Jellyfish sting 'cure' all washed up
The traditional first-aid treatment for jellyfish stings is all washed up and could actually cause more harm than good, a ground-breaking new study from NUI Galway reveals.
A team of scientists from the School of Zoology has found that the traditional cure to take the sting out of encounters with Portuguese man o' war jellyfish doesn't work. The jury is still out on whether the same applies to Lion's mane jellyfish, pending more research.
Following clinical trials over the past decade, the team found rinsing the affected area with seawater and applying ice actually causes more pain because the salt water triggers more of the venom-containing capsules to fire, while ice re-activates the venom and slows healing. The same goes for dousing the area with urine - a technique popularised by an episode of 'Friends' in which Chandler urinates over Monica at the beach to douse the nettle-like sting from a jellyfish.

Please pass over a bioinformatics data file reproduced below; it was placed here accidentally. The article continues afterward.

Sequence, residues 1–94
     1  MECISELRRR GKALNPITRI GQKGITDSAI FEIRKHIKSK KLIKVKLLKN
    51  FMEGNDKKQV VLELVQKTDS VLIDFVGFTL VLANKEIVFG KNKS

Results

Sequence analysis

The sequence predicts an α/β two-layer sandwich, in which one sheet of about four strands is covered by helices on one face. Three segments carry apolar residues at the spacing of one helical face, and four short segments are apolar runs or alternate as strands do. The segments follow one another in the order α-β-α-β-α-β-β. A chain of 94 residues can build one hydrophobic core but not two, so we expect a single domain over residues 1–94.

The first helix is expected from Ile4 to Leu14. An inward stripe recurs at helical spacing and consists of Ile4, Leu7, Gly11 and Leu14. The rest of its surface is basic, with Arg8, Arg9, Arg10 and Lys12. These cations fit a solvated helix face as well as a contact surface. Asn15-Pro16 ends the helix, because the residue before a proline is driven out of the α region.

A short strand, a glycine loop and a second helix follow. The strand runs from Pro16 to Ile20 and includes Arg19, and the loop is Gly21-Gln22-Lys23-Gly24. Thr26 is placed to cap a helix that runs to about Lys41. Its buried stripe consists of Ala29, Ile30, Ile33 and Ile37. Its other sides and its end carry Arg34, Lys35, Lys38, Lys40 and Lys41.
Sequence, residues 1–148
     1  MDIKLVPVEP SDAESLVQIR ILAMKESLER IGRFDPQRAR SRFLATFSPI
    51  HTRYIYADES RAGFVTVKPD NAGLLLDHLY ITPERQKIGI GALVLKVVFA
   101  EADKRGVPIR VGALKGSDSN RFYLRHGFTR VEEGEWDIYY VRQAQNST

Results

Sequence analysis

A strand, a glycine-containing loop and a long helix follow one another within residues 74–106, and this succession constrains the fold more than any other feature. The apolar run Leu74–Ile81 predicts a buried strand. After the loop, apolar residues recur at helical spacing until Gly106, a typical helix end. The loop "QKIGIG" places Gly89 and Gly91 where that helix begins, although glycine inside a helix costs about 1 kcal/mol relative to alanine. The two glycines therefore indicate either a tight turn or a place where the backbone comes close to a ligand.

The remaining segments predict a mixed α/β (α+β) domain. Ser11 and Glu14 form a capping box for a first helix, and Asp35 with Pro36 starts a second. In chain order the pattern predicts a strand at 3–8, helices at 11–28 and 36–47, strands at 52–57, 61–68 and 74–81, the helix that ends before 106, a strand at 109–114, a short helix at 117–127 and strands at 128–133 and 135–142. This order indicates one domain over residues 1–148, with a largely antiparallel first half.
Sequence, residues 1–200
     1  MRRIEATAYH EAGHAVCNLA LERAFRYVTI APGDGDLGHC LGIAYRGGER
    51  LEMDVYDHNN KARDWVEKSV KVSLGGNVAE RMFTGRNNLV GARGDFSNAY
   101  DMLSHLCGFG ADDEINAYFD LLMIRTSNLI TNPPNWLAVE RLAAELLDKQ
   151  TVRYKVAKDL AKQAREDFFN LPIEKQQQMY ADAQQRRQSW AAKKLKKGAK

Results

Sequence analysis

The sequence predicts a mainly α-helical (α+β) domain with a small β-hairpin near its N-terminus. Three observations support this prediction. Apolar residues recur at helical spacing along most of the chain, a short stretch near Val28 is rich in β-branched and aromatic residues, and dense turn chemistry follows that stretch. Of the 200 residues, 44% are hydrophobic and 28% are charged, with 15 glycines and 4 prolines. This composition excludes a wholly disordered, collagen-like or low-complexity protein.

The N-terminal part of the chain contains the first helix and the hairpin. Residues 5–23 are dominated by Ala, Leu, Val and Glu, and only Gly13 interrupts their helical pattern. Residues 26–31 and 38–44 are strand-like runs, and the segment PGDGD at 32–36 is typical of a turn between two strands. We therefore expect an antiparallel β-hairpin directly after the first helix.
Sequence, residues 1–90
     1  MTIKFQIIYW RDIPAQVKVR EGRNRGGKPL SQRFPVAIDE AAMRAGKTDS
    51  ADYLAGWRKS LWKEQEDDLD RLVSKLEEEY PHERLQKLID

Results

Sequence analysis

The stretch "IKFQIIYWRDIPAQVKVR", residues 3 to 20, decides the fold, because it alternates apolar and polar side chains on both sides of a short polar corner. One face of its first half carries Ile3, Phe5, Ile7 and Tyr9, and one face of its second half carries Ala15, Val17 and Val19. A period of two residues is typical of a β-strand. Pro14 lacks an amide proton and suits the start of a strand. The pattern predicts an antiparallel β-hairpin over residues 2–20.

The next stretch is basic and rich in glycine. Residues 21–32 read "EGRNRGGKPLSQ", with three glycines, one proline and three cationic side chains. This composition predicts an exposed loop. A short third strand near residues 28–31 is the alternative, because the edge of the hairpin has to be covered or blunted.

Zoology professor and head of the Jellyfish Advisory Group Dr Tom Doyle is now urging the medical community to discontinue the old treatment technique in favour of a simple new one in which vinegar applied to the sting will immediately deactivate the venom-firing capsules. Applying water as hot as the person can stand afterwards will also help, he said.